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WHO to Fast Track Ebola Treatments

  • Lisa Schlein

WHO Director-General Margaret Chan, left, and United Nations official David Nabarro lead a briefing on the Ebola outbreak in West Africa at the U.N. Foundation in Washington, Sept. 3, 2014.

WHO Director-General Margaret Chan, left, and United Nations official David Nabarro lead a briefing on the Ebola outbreak in West Africa at the U.N. Foundation in Washington, Sept. 3, 2014.

The World Health Organization has agreed to fast track several potential treatments for Ebola in an effort to stop the spread of this deadly disease in West Africa. After two days of meetings, more than 200 participants, including experts from the Ebola-affected countries, have agreed that work on several promising therapies and vaccines should go ahead at an accelerated pace.

Experts attending World Health Organization meetings agree the usual rules that govern clinical trials of untested drugs and vaccines make no sense in the case of Ebola. They say the speed with which the disease is spreading throughout West Africa demands a rapid response.

WHO reports more than 2,000 people in Liberia, Sierra Leone, and Guinea have died from this deadly virus, more than 40 percent in the last three weeks. Some 3,500 cases have been confirmed in West Africa.

Given this health crisis, WHO Assistant Director-General Marie-Paule Kieny says the development of treatments is moving with unprecedented speed, while trying to preserve safety.

“The protocol in Mali, for example has been approved in a matter of days. With any other clinical trial that I know of, you would talk about weeks and months. So, there is clearly, the timelines change of all the processes that we know for this particular Ebola outbreak," said Kieny.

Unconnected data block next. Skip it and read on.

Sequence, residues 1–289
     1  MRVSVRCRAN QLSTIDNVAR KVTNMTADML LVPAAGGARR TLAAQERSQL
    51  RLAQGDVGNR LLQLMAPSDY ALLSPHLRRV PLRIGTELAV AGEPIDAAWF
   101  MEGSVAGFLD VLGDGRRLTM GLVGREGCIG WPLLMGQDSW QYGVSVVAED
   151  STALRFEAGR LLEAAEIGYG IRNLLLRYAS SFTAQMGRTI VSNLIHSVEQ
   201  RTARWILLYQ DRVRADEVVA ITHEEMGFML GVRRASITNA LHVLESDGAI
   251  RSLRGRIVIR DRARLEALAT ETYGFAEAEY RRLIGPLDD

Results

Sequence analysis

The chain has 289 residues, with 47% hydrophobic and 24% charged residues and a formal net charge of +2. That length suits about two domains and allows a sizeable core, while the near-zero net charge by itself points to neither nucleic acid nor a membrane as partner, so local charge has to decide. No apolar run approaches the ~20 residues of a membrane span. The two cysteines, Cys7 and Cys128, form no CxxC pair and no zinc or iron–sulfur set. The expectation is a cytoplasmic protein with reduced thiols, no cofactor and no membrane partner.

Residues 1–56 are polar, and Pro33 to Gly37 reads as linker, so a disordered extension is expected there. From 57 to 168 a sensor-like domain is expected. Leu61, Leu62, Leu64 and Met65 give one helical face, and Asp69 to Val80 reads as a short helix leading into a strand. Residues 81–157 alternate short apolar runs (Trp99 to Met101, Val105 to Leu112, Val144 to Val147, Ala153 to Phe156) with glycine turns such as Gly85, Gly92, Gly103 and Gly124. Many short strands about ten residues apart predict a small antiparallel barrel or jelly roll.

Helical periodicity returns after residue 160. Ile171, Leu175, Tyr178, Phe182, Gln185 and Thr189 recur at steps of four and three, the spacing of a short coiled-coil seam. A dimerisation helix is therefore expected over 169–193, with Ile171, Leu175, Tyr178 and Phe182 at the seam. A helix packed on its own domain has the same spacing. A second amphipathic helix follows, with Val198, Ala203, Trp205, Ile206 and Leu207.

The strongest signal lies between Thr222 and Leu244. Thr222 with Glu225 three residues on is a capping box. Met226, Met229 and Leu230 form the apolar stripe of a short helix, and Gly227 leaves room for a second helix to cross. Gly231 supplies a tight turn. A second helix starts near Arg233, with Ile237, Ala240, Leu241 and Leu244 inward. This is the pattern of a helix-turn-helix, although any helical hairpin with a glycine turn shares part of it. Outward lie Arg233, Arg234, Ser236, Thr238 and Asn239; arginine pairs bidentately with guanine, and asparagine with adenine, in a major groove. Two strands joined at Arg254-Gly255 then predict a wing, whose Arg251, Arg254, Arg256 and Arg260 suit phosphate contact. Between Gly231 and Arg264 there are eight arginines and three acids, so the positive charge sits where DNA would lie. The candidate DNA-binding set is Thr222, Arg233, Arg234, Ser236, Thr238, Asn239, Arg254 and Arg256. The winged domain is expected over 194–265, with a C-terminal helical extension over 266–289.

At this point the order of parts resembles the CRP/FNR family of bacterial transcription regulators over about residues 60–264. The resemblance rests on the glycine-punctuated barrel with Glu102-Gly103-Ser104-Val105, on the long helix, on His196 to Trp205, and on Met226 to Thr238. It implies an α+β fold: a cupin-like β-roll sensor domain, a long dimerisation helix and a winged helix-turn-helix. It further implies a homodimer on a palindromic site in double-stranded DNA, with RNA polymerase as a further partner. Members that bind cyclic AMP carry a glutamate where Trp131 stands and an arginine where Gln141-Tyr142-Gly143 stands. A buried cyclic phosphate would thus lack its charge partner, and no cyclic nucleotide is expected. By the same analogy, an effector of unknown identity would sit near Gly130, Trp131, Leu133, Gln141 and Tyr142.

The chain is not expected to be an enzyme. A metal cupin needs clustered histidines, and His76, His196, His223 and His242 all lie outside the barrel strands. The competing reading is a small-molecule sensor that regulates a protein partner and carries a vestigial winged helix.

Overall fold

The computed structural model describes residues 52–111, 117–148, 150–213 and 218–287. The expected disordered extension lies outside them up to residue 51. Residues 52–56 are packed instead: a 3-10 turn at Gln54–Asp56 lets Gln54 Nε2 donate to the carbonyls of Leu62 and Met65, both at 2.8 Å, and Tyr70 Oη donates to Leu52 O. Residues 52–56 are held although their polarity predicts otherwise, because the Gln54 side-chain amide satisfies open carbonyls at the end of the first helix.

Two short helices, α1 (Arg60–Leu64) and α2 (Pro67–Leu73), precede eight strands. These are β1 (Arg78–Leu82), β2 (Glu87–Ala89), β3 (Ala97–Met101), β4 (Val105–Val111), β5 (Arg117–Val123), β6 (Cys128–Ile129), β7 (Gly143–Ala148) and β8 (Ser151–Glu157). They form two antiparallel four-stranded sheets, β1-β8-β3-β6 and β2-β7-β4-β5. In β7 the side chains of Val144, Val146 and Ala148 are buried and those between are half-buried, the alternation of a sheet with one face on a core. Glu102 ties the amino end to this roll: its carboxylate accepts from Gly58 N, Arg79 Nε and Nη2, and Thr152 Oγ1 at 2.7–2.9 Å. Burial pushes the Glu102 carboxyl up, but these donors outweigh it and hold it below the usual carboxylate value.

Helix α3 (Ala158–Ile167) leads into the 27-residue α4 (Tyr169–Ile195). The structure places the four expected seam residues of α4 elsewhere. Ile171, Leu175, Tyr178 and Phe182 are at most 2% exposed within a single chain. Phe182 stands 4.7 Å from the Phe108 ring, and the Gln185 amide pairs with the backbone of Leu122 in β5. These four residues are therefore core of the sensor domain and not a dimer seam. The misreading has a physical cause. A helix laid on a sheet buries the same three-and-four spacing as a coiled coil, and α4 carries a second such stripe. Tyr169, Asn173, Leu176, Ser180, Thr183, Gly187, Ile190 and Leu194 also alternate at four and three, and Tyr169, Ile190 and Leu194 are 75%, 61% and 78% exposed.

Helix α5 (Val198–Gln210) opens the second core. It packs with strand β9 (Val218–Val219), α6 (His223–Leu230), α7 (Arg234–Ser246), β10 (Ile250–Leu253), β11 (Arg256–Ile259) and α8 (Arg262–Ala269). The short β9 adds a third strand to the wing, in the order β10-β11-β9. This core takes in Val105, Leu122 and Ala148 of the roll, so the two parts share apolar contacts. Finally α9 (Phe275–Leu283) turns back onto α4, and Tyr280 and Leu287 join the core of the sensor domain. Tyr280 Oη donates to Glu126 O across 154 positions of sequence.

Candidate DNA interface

Clinical trials on two promising candidate vaccines are beginning in the United States. WHO reports phase one clinical trials of these vaccines are set to begin in Mali at the end of this month or early October with 40 participants between the ages of 18 and 50. Similar trials will follow in Britain soon after.

Dr. Kieny says the initial data on the safety of these vaccines will be available in November. Immediately after that, she says, the vaccines will start to be rolled out. She says health care workers and other front line staff will be the first people to be vaccinated.

She notes one of the most promising treatments is the use of blood transfusions from recovered Ebola patients.

“There is a real opportunity that a blood-derived product can be used now and this can be very effective in terms of treating patients…With the very negative point that we have so many patients, the one positive point is that there are also many people now who are convalescent who survived and who are doing well. And, these people can provide blood, can provide then serum also in order to have something to treat the other people who are sick now," she said.

The experts discussed the availability and evidence supporting the possible efficacy of therapeutic drugs. They also considered the potential use of existing drugs approved for other diseases and conditions. Some drugs, which have shown great promise in monkey models, have been used in a few Ebola patients.

A few patients who were treated with the drug Zmapp have recovered, but several others have died. So, the efficacy of this drug is yet to be proven. Supplies of Zmapp have been exhausted.

Dr. Kieny says pharmaceutical companies are working to expand production as quickly as possible. She says that as soon as more supplies become available, regulated trials will be conducted to see if this treatment works.

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